On the sixth day of Geekmas, some blogger gave to me:  six games worth playing

Welcome to the teflgeek Christmas celebration!  Themed around the classic Christmas carol – but going backwards, mostly because it’s more like a countdown that way:

12 blogs worth clutching

11 tips for writing

10 tricks for reading

9 pretty pictures

8 talks worth watching

7 simple statements

and six games worth playing – with your class or at least directing learners to for some self study – or even, when the marking’s magically disappeared and you’re all planned up for the next week, worth playing yourself!

I’ve used almost all of these with learners with great success – further details on that as below!

(1)  The Curfew Game.

I’ve mentioned this game before (see original post for more detail) – it’s a truly excellent piece of free game play that ties into themes related to civil liberties and authoritarianism.  Authentic (scripted) dialogues could make this challenging for lower levels, but this could be a fun lesson for upper intermediate and above!

(2)  Stop Disasters!

This is a natural disaster prevention game created by the United Nations ISDR to raise awareness of the lack of disaster preparedness in many places around the world.  Similar in set up to “god games” like Civilisation, the player chooses between the Hurricane, Tsunami, Wild Fire, Flood or Earthquake scenarios, and then tries to put measures in place to reduce loss of life when the big one hits.  You get advice and a time limit within which to work!

(3)  Nation States.

This is a game I played with my summer school classes some years ago, arising out of a project class where learners created a micro-nation.  With Nation States, learners answer an initial set of questions to determine what sort of country they’ll create (i.e. liberal / authoritarian) and then as time goes by they are asked further questions which determine the development of their nation state.  Interaction with other users playing the game is also possible and learners can forge alliances as they need to.  This is a long term game and not suitable for a single lesson – better perhaps as a warmer / the last ten minutes of a regularly scheduled once or twice a week class meeting over an entire academic year.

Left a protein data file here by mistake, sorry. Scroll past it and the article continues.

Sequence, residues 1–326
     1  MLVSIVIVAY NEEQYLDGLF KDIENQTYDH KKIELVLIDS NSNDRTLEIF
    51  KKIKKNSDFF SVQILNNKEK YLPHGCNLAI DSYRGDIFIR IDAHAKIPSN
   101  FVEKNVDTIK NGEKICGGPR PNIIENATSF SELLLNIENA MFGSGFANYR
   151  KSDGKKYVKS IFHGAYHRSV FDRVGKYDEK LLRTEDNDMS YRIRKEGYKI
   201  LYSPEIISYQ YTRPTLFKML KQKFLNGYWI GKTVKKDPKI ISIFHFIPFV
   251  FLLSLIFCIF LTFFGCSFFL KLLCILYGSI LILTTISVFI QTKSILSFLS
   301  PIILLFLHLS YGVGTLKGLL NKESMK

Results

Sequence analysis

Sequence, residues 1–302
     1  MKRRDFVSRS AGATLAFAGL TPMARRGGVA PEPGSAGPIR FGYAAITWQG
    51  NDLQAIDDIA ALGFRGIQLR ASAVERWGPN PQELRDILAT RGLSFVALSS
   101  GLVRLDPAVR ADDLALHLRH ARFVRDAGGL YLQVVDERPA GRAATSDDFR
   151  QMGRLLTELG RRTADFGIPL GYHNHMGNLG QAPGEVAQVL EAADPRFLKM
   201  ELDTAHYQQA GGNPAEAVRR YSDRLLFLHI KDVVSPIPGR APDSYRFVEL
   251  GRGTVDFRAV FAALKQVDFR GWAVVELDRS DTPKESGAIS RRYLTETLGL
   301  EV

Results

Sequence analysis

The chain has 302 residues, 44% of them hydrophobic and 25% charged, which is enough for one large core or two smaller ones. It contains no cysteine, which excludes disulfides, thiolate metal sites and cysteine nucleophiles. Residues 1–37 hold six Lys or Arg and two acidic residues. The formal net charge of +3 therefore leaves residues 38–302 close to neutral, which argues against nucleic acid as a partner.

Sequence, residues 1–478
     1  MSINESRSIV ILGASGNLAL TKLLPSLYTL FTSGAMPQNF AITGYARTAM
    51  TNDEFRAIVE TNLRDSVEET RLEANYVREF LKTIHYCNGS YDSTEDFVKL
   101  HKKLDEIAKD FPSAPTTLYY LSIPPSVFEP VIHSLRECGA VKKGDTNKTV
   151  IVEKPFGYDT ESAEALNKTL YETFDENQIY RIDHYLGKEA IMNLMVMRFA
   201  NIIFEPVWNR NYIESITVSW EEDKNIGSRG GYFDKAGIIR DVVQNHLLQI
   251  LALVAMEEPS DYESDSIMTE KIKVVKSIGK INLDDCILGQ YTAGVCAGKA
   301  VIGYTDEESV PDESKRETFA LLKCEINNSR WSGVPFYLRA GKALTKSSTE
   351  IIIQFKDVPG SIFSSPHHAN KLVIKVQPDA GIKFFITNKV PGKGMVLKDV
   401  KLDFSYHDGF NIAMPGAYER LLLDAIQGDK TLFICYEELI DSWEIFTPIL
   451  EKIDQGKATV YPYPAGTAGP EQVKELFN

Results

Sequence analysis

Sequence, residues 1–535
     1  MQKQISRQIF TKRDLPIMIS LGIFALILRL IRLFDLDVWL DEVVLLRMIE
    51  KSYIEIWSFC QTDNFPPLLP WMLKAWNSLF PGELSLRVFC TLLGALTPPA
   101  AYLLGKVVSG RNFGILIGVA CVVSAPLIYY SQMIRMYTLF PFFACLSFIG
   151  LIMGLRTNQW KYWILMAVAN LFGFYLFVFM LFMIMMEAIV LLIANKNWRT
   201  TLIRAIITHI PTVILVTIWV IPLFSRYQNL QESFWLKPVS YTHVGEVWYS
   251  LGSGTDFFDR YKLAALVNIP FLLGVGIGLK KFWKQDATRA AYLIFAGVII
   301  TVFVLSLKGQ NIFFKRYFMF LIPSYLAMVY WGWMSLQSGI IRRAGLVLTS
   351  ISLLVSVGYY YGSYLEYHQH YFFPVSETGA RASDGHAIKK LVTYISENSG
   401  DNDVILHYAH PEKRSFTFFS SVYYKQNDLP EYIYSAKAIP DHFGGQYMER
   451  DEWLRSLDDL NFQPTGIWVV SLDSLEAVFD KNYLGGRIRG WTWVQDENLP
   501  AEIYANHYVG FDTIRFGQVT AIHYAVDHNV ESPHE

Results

(4)  Destination Impossible.

Spotted this the other day on Larry Ferlazzo’s site and have investigated!  The game destination impossible is one of about 53 excellent flash based games for language learner development – aimed at adult literacy tutoring in the UK.  Activities suitable for most levels (possibly not the very low or the very high) – my favourite of which is the following directions based game “Destination Impossible” – a must play for anyone doing this topic with their classes!

(5)  Lyrics Training.

Lyrics Training is the ultimate fast finisher task for computer room based lessons.  Learners would, if they could, spend entire lessons attempting to type the lyrics to their favourite songs in time to the singer.  With graded levels of difficulty (watch that your learners don’t “underestimate” their own abilities!) – and a wide range of songs, there’s something for all ages and abilities.  Warning:  make sure you know the lyrics for the songs they’ve chosen, or an irate DoS may soon be banning the class from the computer room forever!  A great website to have up your sleeve when one group finishes the writing task in ten minutes and the rest of the class are still struggling.

(6)  CSI:  Web Adventures.

A nice one for the more scientifically minded – or for the legions of CSI obsessives who all want to be forensic pathologists when they grow up!  The rookie stages involve learners processing a certain amount of written information and then answering some content based questions – it’s a little slow to start!  But highly motivating and enjoyable.  Again, could be a great fast finisher task?

Have a look and I hope you enjoy!